Despite the best efforts of the World Health Organization and other global organizations, it appears that there is no slowdown in the incidence of mesothelioma around the world. In fact, there are signs that the problem may be on the rise in some regions.
A study by researchers Claudio and Tommaso Bianchi of the Center for the Study of Environmental Cancer in Monfalcone, Italy looked at data from international cancer registries, as well as anecdotal and scientific information that they obtained from scientists studying the disease.
Their conclusions, which identified countries with the highest rates of mesothelioma, were published in a recent edition of the Indian Journal of Occupational and Environmental Medicine.
What the Bianchi family found was not earth-shattering in its content, but disturbing in what they learned about the lack of progress that has been made over the years. It comes as no surprise that the countries with high incidence of the rare and fatal cancer are those that experienced building booms during the period when asbestos was most heavily utilized.
Since the toxic set of minerals provided so much strength, as well as heat and flame resistance, its use was ubiquitous. Both those who were involved in the original building process and those who are now responsible for remodeling or demolishing those buildings are at high risk. The two countries that have the highest per capita mesothelioma rate are Australia and the United Kingdom.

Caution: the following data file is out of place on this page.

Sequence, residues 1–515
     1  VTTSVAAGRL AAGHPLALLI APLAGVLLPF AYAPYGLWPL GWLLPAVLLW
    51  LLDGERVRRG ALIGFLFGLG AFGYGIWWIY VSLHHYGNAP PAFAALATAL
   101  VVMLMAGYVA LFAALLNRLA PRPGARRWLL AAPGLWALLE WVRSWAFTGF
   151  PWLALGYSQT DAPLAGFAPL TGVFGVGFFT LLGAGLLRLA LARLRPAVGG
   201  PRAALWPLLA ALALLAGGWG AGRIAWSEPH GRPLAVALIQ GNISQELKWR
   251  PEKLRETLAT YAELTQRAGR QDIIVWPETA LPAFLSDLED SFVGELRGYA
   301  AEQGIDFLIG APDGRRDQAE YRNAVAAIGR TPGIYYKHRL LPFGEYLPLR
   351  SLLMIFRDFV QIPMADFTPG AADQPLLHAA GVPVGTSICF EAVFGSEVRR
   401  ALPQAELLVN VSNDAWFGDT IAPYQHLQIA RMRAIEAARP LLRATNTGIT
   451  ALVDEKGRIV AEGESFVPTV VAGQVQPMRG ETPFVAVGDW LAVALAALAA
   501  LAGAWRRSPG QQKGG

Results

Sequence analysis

The researchers’ greatest concern amidst the data that they’ve collected is the fact that they see little or no decline in the disease, an indication that many countries are continuing to use asbestos despite the known health risks, which include lung cancer, asbestosis, and mesothelioma.
In fact, several countries are showing an upward trend, including Australia and New Zealand, and high numbers are also being seen in locales as diverse as Malta, Belgium and The Netherlands. Japan and Central Europe are both maintaining low occurrence rates, and many other countries simply do not collect or share the data regarding the disease rate.
Based on their findings, the Bianchi family expressed concern that many countries are continuing to use asbestos.
“The mesothelioma epidemic does not show any signs of attenuation. The lack of data for a large majority of the world does not allow that the consciousness of the risks related to asbestos exposure is reached.”